May 13, 2008

Baby, It's Hot Outside

Even as East Bay MUD proposes its first water-rationing measure in two decades, this week temperatures are expected to soar toward the century mark.

For your garden, this means get a head start (i.e., now) on keeping your plants hydrated. If you're irrigating with a spray system, see whether your controller can be programmed to repeat cycles — so that rather than watering once for ten minutes, which may deliver more water than the soil can absorb at once — your system waters each zone once for five minutes, then repeats the cycle for another five — so Zone A is absorbing while Zone B is receiving. If you're not sure how much water your plants should be getting, get to know your local Master Gardener; you can also extrapolate some good information from publications developed for commercial growers.

If you're irrigating with a low-flow (drip) system, you will want to increase the length of each cycle and/or add a "syringe" cycle in the middle of the day, effectively giving the plants a drink when their transpiration rates are highest.

You'll also want to make sure all that precious water stays in the soil, where the plants can actually get it, rather than evaporating into thin air. The most effective way to do this is with a generous layer of mulch. Most often we think of mulch as fir bark, which is ground to various consistencies (or shredded into "gorilla hair").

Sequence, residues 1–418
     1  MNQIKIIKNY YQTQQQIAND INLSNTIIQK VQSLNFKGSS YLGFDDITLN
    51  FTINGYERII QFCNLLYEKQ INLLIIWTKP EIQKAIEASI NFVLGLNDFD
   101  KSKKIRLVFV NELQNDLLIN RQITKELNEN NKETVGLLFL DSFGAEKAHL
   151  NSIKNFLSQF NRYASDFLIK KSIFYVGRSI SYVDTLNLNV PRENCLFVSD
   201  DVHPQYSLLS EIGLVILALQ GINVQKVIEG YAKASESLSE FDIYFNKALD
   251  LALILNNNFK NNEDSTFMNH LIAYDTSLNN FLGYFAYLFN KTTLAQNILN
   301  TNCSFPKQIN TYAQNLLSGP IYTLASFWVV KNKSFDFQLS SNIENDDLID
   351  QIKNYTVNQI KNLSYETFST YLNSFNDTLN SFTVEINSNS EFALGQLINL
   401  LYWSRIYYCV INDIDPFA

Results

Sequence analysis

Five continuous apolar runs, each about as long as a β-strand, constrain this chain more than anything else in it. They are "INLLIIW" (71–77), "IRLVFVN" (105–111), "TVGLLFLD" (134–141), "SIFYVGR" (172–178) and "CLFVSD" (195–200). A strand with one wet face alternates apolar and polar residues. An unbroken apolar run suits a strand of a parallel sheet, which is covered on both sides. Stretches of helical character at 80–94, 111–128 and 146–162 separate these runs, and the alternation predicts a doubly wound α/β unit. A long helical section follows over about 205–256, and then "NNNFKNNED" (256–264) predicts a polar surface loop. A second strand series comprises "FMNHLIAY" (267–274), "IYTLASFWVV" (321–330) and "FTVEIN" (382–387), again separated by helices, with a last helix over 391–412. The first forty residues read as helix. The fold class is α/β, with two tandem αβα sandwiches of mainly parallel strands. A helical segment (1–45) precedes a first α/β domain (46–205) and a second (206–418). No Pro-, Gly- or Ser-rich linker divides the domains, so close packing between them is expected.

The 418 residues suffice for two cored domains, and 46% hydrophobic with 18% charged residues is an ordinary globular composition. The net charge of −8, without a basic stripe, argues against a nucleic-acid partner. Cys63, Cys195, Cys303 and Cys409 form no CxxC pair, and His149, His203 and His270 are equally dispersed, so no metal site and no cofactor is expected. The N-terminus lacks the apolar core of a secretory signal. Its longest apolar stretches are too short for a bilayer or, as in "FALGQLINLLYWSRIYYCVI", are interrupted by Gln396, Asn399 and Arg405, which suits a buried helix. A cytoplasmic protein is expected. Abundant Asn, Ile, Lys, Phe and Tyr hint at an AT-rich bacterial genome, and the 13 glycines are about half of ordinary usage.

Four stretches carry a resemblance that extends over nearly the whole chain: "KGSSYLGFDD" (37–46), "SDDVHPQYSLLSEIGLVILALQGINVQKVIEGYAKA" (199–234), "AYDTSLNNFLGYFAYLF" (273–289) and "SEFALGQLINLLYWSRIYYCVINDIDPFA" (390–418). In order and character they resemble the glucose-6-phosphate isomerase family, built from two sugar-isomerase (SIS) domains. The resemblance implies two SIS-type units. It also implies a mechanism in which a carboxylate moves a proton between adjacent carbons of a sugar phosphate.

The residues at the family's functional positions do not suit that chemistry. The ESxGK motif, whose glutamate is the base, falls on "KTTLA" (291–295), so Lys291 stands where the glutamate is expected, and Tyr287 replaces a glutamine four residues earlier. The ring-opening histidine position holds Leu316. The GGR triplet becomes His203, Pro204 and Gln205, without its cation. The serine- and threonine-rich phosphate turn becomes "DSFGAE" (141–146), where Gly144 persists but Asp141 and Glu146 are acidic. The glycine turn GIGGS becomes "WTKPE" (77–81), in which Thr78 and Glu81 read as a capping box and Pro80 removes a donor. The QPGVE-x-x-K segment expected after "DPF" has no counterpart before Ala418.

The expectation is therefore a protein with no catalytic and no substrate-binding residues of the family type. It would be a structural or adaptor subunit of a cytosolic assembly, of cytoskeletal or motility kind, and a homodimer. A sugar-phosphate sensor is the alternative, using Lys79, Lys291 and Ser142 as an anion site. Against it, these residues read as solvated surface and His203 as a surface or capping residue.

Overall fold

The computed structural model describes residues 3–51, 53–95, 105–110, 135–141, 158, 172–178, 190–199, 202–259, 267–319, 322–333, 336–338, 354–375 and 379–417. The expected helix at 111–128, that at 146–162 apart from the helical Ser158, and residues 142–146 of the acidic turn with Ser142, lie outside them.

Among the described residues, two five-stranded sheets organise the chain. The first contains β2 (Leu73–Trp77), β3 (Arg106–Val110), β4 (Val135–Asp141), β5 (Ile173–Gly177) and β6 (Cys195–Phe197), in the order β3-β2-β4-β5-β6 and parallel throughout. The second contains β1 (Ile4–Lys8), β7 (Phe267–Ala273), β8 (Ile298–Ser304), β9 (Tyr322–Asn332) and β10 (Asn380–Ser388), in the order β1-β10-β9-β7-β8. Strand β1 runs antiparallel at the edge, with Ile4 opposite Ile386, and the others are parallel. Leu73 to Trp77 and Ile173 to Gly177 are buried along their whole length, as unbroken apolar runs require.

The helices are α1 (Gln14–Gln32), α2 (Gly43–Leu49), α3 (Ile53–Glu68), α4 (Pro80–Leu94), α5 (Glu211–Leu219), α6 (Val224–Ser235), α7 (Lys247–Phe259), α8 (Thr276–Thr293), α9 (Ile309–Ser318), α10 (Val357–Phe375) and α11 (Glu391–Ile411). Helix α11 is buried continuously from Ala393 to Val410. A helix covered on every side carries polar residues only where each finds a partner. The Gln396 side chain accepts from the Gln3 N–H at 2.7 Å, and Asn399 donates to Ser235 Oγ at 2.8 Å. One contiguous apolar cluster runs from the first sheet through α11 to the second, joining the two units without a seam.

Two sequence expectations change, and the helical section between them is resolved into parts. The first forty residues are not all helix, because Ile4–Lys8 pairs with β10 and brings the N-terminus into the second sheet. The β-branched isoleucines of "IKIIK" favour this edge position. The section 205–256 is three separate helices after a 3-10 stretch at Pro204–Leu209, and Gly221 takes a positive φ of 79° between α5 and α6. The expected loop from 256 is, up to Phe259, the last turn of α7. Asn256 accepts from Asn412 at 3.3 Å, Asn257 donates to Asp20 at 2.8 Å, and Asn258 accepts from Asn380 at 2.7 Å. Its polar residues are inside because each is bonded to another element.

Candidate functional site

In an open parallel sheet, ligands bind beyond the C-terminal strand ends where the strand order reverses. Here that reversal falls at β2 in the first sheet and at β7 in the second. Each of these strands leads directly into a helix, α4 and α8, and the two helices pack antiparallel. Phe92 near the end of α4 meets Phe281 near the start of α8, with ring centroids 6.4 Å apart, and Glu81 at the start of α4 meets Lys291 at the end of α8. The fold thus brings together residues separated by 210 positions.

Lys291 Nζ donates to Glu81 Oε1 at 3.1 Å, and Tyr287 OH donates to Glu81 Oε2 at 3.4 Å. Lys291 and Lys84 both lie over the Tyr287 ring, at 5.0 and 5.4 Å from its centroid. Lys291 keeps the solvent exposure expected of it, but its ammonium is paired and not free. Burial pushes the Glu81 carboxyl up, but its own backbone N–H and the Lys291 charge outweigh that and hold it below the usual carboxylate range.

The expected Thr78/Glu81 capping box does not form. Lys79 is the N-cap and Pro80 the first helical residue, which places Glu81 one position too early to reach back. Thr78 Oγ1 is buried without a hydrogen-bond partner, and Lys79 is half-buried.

However, there's more than one way to mulch: compost is wonderful, adding nutrients to the soil even as it holds water in; and even pea gravel is effective (although pricey and doesn't decompose like organic matter). Some municipalities even give away free compost to residents. The key with mulch is to apply it generously (I prefer a depth of least 3 inches) and regularly. Remember, organic matter like bark and compost break down over time; so plan to reapply an inch or so at least a couple of times a year.

There are plenty of other considerations in creating "water-wise" gardens. The California Water Service has some good resources, including a list of drought-resistant plants; if you've got good tips for getting your garden through the heat, please let me know!

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